It has now been one full quarter since we launched Evidex Alerts, the service which keeps our clients on top of the latest Drug Label Changes, Regulatory Alerts and Clinical Safety Data in real-time.   Evidex Alerts have been a smashing success and our clients have openly thanked us making this information easier to follow.  One client in particular was amazed at how well we untangle the mess that is a drug label and pull out the important pieces of information that they need to know, when they need to know it.

Read More

Topics: FAERS, Clinical Trials, Label Change, Clinical Evidence

Using FAERS to Determine Medical Costs – a Payer Perspective

Posted by Brian Overstreet on March 31, 2017

We're happy to have a guest writer on the RxView blog this week, Alan Lukazewski, RPh – Director of Clinical Pharmacy at WEA Trust

WEA Trust is a not-for-profit health insurer serving Wisconsin public employers, their staffs and families.  In my role as Director of Clinical Pharmacy, I manage pharmacy benefits for WEA Trust, including prior authorization management, clinical program design, and specialty pharmacy management.  Within those areas, I focus attention on adverse drug event detection and prevention, especially in older adults.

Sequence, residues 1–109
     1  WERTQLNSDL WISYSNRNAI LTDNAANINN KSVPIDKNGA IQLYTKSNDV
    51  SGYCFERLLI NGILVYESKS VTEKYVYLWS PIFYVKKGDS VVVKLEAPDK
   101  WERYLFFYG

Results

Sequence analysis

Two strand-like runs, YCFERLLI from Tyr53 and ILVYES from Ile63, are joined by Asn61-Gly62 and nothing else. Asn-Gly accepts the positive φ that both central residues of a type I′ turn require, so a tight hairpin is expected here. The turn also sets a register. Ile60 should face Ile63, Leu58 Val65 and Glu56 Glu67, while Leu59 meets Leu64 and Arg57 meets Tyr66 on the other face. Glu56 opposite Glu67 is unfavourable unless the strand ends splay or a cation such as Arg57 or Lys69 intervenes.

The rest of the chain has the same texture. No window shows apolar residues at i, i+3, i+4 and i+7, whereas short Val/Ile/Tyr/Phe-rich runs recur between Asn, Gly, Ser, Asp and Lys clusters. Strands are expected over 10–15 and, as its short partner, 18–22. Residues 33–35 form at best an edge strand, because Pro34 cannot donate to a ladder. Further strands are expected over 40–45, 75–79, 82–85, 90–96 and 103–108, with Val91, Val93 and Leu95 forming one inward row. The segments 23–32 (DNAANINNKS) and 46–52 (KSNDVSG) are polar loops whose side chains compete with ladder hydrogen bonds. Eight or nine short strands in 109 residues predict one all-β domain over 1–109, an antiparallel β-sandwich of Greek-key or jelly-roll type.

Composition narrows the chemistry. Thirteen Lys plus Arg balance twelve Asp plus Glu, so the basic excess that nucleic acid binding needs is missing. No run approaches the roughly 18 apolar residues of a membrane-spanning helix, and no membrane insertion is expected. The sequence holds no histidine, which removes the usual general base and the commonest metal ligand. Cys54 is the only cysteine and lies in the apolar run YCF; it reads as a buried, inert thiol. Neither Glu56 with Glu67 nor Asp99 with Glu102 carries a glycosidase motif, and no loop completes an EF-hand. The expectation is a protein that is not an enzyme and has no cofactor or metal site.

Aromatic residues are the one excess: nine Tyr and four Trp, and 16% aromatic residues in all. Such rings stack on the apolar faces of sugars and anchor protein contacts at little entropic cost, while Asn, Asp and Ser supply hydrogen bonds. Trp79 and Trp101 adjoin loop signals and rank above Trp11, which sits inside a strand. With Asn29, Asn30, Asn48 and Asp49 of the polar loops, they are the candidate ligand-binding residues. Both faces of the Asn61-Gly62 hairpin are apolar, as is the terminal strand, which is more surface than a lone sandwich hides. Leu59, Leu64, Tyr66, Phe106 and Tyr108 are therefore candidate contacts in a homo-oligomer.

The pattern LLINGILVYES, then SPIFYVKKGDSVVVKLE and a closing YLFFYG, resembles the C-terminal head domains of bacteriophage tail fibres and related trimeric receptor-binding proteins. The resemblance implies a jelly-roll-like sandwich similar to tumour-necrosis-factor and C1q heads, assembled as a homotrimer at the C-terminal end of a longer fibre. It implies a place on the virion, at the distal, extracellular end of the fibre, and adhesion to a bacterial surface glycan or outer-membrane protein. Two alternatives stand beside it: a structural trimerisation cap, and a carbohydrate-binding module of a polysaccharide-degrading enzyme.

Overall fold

Last year, we partnered with Advera Health on a unique project to determine whether we could use data from the FDA Adverse Event Reporting System (FAERS) to determine total medical costs for a particular class of medicines.  Previously, Advera Health published a study detailing their methodology for calculating medical costs from FAERS data, but this would be the first study to pair FAERS data with specific claims data to determine downstream medical costs.

Read More

Topics: FAERS, RxCost, AMCP

Calculating the Reporting Rate of Adverse Events in FAERS – A New Methodology

Posted by Brian Overstreet on March 24, 2017

It’s been an exciting week for drug safety with articles in both USA Today and FiercePharma examining the five-fold rise in reporting of serious adverse events into FDA’s Adverse Event Reporting System over the past twelve years.  We were thrilled to see Advera Health featured prominently in both of those articles.

Despite the significant reporting increase, limitations in the use of FAERS data for post-market surveillance remain.  One of the biggest limitations is that not all adverse events are reported.  As a spontaneous (i.e., voluntary) reporting system, it’s simply not possible for every adverse event to be recorded.  This is different from a controlled clinical trial where all adverse events and outcomes are recorded.

Read More

Topics: FAERS, Clinical Trials, Clinical Evidence

Efficacy vs. Effectiveness - The Role of Pharmacovigilance

Posted by Jim Davis on March 17, 2017

I'm pleased to introduce Jill Notte, Director of Global Marketing, APCER Life Sciences, who authored this week's post.